Or if you don’t want to get bothered by certificates and don’t care about the increased security they provide, you can simply add a client secret to the application you registered in Azure AD and use the client credentials flow instead:

$authContext4 = New-Object "Microsoft.IdentityModel.Clients.ActiveDirectory.AuthenticationContext" -ArgumentList "https://login.windows.net/tenant.onmicrosoft.com"
$ccred4 = New-Object Microsoft.IdentityModel.Clients.ActiveDirectory.ClientCredential -ArgumentList "xxxxxxxx-xxxx-xxxx-xxxx-xxxxxxxxxxxx", "very_long_string"
$authenticationResult4 = $authContext4.AcquireTokenAsync("https://outlook.office365.com", $ccred4)

And that’s pretty much it. Once you have a valid token, use it to establish the remote PowerShell session via the sample above. Don’t forget to add some proper error handling and most importantly, logic to detect token expiry and renew/obtain new tokens as needed!

One additional detail you might need when troubleshooting connectivity issues – the token must contain the wid claim and within it, the admin role(s) to which the service principal object corresponding to your Azure AD application has been assigned. You already know how to get the token, as for decoding it use a site such as jwt.ms or just do it directly via PowerShell as detailed in this article. Here’s how a sample valid token would look like:

This entry was posted in Exchange Online, Office 365, PowerShell. Bookmark the permalink.

9 Responses to Connecting to Exchange Online PowerShell via client secret

  1. Brad says:

    Vasil, can you provide (from start to finish) what’s necessary to connect to Exchange online via a app id and secret? I’m having trouble understanding which of each block of code needs to be used to get this working, as I can’t get it to work. Thank you

    • Brad says:

      I’m getting a 403, access denied with this. Where I have [xxx] I’ve replaced specific user values

      Add-Type -Path ‘C:\Users\[xxx]\Documents\Powershell\ExOnline\Microsoft.IdentityModel.Clients.ActiveDirectory.dll’
      $authContext4 = New-Object “Microsoft.IdentityModel.Clients.ActiveDirectory.AuthenticationContext” -ArgumentList “https://login.windows.net/[xxx].onmicrosoft.com”
      $ccred4 = New-Object Microsoft.IdentityModel.Clients.ActiveDirectory.ClientCredential -ArgumentList “[xxx]”, “[xxx]”
      $authenticationResult4 = $authContext4.AcquireTokenAsync(“https://outlook.office365.com”, $ccred4)
      $token = $authenticationResult4.Result.AccessToken
      $Authorization = “Bearer {0}” -f $Token
      $Password = ConvertTo-SecureString -AsPlainText $Authorization -Force
      $Ctoken = New-Object System.Management.Automation.PSCredential -ArgumentList “OAuthUser@[xxx]”,$Password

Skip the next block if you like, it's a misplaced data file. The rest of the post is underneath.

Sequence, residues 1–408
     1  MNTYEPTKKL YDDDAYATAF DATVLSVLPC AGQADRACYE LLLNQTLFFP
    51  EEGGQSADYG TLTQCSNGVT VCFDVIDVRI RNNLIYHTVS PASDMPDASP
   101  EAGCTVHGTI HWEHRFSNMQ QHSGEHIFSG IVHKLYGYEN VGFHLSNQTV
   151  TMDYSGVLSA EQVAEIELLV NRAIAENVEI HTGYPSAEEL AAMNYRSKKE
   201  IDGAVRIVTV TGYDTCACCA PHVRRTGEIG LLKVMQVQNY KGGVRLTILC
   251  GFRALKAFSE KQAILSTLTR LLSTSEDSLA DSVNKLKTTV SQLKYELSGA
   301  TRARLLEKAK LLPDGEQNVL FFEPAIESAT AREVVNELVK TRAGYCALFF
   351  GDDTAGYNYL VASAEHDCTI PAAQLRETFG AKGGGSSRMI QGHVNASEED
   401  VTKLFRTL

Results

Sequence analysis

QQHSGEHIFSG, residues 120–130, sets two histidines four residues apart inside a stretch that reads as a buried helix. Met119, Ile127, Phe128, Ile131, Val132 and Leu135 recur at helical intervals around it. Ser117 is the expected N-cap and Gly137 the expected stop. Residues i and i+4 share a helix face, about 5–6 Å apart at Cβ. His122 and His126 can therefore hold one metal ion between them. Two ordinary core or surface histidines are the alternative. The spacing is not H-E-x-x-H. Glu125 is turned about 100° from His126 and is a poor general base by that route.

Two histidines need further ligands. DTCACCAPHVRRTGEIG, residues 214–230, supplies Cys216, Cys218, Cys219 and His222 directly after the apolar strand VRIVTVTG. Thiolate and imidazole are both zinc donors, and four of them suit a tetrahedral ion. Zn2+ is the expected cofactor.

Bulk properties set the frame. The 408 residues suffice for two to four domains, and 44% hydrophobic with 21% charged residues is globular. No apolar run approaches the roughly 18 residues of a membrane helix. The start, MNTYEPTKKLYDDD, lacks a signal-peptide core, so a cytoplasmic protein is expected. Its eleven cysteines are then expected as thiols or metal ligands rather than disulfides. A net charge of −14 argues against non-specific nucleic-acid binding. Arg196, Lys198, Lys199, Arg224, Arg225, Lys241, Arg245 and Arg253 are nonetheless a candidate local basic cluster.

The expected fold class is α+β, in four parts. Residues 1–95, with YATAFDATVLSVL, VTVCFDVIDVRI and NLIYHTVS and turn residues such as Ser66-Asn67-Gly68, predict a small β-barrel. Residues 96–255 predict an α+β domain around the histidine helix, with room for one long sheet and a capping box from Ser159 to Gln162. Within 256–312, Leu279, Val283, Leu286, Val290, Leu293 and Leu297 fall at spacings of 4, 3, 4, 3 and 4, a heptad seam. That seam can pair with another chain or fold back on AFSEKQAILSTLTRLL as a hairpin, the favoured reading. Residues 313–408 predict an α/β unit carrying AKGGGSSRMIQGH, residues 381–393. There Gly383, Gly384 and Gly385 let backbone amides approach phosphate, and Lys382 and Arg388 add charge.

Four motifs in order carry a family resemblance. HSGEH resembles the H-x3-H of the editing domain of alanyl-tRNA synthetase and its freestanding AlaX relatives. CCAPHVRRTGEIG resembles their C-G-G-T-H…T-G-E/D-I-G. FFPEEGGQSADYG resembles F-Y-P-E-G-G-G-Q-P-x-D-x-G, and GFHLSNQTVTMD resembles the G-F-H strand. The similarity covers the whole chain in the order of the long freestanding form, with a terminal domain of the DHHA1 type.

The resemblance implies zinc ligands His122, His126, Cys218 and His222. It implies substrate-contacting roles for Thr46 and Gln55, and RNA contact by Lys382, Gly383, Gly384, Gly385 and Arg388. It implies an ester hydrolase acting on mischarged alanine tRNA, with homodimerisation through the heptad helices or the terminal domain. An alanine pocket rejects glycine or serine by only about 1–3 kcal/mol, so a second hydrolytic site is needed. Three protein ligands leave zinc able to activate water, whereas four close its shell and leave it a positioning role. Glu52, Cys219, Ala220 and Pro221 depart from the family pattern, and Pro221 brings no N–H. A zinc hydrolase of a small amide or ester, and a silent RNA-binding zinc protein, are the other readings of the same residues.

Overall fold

$sessionCloud = New-PSSession -ConfigurationName Microsoft.Exchange -ConnectionUri https://outlook.office365.com/PowerShell-LiveId?BasicAuthToOAuthConversion=true -Credential $Ctoken -Authentication Basic -AllowRedirection -Verbose
      Import-PSSession $sessionCloud

      • Vasil Michev says:

        Check the token, most likely you don’t have a proper Azure AD role assigned to the service principal object.

  2. Mauro says:

    Hi Vasil,

    I’ve had issues with certain cmdlets. Specifically when running Add-RecipientPermission I get an error that says:

    ‘Active Directory operation failed on xxxxx.prod.outlook.com. This error is not retriable. Additional information: Access is denied.
    Active directory response: 00000005: SecErr: DSID-03152612, problem 4003 (INSUFF_ACCESS_RIGHTS), data 0

    However, if I run the cmdlet Add-MailboxPermission that one goes through fine without permissions issues. what’s going on here? I’m authing with a cert and granted global administrator and Exchange Admin roles to the application’s service principal.

    Thank you for any help that you can provide.

    • Vasil Michev says:

      Seems to run fine here. Perhaps you have some scopes restricting the use of Add-RecipientPermission? Can you run it fine when connecting via “regular” PS? In any case, you can report it to MS.

  3. Anishka says:

    Hi Michev,

    I am able to using the client credentials and client id for MFA enabled account and connect to exchange powershell using below command:-
    $Session = New-PSSession -ConfigurationName Microsoft.Exchange -ConnectionUri https://outlook.office365.com/PowerShell-LiveId?BasicAuthToOAuthConversion=true -Credential $Ctoken -Authentication Basic -AllowRedirection -Verbose
    Im

    Can you please tell me that this approach is recommended by Microsoft for connection or they are going to disable this approach in future?

    • Vasil Michev says:

      It’s neither recommended not supported, use at your own risk. What’s supported is to use the module.

Leave a Reply to Mauro Cancel reply

Your email address will not be published. Required fields are marked *

This site uses Akismet to reduce spam. Learn how your comment data is processed.